Being 'Food Foolish:' How eliminating food waste could change the world

John Mandyck, co-author of "Food Foolish," discusses the inefficiency of our food systems all over the world. (Amar Batra/The Daily Campus)

We accept inefficiency in our food systems to a degree that is tolerated nowhere else in society, said John Mandyck, co-author of “Food Foolish.”

“The amount and scale of the food that we waste in the face of hunger, in the face of climate change, in the face of water shortages, has got to be one of the most foolish things we do on this planet, but I’m equally optimistic because almost anything we do is going to make a big difference,” said Mandyck, chief sustainability officer for United Technologies.

Globally, the world produces enough food to feed 10 billion people, yet over 800 million of the seven billion people on Earth go hungry every year, Mandyck said Tuesday evening in Konover Auditorium at “Sustainable Urbanization: The Future of Food.” Whether it’s fruits left in the field to rot after a drop in the market, ugly tomatoes rejected by grocery stores’ stringent quality standards or a cut of meat that goes bad at the back of a refrigerator, 40 percent of food ends up in a landfill instead of in the mouths of people who need it, according to the Natural Resource Defense Council.

“I challenge all of you in this room to think about where else in society we tolerate 40 percent inefficiency in anything. If tomorrow we only got 60 percent of our emails, some of us might be happy about that but I can tell you our modern society could not function,” Mandyck said.

This has disastrous consequences not only for food insecure people, but for the planet. It would take 75 percent of California’s land mass and all of the water used in California, Texas and Ohio on an annual basis to grow all of the food wasted per year in one place, Mandyck said.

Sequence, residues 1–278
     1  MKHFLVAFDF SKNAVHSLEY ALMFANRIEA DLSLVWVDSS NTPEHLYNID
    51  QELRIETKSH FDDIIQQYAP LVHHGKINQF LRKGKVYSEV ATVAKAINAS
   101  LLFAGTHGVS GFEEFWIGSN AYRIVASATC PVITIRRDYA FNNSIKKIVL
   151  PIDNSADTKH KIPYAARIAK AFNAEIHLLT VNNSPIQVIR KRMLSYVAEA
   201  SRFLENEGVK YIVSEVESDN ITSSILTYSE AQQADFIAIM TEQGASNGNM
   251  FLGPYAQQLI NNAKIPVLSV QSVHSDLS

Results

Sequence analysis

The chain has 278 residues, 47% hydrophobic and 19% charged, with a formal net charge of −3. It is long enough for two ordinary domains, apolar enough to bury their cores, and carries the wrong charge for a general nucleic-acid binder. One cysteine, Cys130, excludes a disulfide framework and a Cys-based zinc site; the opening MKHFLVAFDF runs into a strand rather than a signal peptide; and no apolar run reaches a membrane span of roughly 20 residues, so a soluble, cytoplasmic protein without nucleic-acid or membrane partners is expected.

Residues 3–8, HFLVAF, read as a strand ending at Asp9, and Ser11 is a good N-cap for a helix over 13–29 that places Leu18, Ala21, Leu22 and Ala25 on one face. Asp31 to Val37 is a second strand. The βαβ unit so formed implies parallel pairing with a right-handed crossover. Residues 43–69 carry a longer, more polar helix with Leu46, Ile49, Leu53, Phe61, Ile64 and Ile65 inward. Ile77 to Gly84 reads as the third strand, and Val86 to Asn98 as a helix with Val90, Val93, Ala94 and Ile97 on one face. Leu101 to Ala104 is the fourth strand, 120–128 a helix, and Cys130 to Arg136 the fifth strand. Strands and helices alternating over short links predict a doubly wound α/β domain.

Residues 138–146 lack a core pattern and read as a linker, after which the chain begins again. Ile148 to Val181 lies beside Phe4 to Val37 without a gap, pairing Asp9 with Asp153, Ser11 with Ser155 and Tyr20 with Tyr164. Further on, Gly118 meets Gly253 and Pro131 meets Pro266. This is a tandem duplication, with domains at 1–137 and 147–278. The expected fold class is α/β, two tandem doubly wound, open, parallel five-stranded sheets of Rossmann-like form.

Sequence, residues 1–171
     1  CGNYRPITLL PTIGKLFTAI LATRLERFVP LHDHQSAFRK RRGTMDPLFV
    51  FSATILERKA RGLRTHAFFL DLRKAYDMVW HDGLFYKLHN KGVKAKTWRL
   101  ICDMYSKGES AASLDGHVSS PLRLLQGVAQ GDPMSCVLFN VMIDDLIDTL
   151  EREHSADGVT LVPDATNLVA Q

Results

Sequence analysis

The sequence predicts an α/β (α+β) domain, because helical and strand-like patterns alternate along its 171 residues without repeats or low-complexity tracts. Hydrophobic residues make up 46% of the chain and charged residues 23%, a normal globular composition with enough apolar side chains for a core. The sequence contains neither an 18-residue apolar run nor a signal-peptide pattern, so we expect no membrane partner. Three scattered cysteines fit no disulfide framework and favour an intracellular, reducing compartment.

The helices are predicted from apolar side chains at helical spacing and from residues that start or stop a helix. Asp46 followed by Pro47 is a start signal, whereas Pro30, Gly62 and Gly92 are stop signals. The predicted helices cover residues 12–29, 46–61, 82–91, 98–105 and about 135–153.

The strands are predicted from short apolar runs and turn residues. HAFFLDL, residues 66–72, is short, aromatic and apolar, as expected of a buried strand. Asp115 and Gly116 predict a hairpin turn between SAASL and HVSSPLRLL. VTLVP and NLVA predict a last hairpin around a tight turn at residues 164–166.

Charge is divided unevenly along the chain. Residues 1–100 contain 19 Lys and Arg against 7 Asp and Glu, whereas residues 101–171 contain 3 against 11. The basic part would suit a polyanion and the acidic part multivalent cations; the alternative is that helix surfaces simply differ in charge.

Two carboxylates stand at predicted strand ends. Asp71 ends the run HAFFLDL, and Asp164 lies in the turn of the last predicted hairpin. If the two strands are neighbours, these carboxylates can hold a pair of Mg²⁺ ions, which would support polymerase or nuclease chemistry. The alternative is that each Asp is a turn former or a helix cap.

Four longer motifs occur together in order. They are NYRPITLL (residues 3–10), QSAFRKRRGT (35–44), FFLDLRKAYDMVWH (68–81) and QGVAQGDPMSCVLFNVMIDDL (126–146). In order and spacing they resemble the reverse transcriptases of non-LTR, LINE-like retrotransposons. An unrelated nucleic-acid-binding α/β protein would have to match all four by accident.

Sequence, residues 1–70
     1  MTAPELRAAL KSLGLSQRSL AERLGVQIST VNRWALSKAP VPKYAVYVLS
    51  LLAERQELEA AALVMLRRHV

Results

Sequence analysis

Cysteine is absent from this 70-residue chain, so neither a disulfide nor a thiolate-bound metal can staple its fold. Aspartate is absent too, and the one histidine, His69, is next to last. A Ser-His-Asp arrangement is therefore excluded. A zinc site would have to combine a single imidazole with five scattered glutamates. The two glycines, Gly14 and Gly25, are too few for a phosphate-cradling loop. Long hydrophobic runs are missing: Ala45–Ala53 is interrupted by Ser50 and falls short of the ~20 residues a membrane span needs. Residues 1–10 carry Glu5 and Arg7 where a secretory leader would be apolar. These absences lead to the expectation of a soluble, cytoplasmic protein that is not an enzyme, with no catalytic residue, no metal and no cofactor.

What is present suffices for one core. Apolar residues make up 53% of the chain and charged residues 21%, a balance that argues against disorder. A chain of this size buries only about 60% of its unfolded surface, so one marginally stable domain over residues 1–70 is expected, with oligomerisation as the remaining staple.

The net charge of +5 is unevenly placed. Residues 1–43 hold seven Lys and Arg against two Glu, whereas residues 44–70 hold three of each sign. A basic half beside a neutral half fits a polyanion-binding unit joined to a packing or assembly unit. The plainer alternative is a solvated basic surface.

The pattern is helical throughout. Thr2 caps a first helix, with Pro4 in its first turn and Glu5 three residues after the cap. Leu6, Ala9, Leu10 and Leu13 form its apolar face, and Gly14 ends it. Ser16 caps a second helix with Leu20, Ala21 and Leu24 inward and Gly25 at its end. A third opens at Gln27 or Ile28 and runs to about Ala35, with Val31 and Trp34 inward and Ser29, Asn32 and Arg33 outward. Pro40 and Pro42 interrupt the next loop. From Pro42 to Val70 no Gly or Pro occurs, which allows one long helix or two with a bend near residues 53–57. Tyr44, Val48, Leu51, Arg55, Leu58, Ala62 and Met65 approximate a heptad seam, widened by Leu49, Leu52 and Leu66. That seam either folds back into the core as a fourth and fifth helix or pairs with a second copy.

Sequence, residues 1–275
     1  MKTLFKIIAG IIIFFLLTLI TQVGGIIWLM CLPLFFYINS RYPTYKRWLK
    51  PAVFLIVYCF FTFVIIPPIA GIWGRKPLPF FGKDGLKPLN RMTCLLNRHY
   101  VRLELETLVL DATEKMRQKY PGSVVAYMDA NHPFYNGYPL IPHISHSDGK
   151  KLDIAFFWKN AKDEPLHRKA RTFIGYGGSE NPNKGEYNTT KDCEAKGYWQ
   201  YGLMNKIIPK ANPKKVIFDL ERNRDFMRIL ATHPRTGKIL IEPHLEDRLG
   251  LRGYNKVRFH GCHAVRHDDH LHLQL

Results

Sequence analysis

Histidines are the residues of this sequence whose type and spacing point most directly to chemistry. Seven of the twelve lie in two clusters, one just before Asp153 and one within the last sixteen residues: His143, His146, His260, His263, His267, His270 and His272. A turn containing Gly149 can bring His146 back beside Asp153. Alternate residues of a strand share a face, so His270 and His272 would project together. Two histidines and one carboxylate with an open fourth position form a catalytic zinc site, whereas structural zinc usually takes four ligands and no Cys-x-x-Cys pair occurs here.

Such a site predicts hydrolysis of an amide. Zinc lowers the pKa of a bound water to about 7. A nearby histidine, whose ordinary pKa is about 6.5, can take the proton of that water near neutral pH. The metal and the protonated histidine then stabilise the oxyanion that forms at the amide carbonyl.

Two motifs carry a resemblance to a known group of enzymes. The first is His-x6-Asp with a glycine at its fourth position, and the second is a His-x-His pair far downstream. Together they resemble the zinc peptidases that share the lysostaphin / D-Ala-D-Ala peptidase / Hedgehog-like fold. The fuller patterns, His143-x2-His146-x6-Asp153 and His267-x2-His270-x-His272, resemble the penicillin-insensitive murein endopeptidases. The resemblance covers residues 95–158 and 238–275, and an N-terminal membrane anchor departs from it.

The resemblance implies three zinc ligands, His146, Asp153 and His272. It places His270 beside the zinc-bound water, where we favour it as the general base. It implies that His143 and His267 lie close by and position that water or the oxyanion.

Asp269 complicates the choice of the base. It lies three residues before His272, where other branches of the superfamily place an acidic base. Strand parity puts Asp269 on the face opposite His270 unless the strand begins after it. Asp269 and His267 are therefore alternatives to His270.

If food waste were a country it would be the third worst producer of greenhouse gases in the world, behind only China and the United States. Alternatively, he said, if food waste and the resulting overproduction were eliminated entirely, the decrease in greenhouse gas emissions would be equivalent to taking every car in the world off the road.

Despite the challenge, Mandyck said he remains optimistic. While the current rate of food waste creates added risk for climate change, hunger and national security, reclaiming this hidden source of food could be the best way to provide for all 9.5 billion people expected to live on Earth by 2050.

“That means we have to feed a lot more people and they’re coming quickly, but more than that, as more and more people move to cities, they’re moving farther and farther away from their food sources. We have to think about food differently if we are going to urbanize and grow our environment in a more sustainable way,” Mandyck said.

While producers create 63 percent of food waste, consumers can do their part by eating leftovers, shopping with a plan and setting aside “romantic” notions of what food should look like. Apples don’t need to be perfectly round, carrots perfectly straight or potatoes perfectly oblong to be tasty and safe for consumption, Mandyck said.

Emily Ross, a sixth-semester psychology major who attended the lecture, said she is concerned about how meat consumption factors into the issues of food waste and climate change. Only 50 percent of food goes toward human consumption its first instance, Mandyck said, with the other 50 percent being diverted to animals who will later be slaughtered for meat, resulting in a net loss of nutrients.

“I’ve seen a lot of research and a lot of info that’s been exposed lately about how animal agriculture has one of the largest effects on the environment,” Ross said. “I think we’re uncomfortable with the idea of having to change our cultural values and our wants surrounding the idea of animal agriculture. Pretty much, we don’t want to stop eating meat.”

Jillian Ives, an academic advisor for the College of Agriculture, Health and Natural Resources, said Mandyck’s lecture was organized to give students the environmental perspective on food waste. The Food Waste Initiative will culminate in a “Tasty Waste Lunch” featuring reclaimed food on Wednesday, Sept. 21 from 11 a.m. to 1:30 p.m. on Fairfield Way.



Kimberly Armstrong is a staff writer for The Daily Campus. She can be reached via email at kimberly.armstrong@uconn.edu.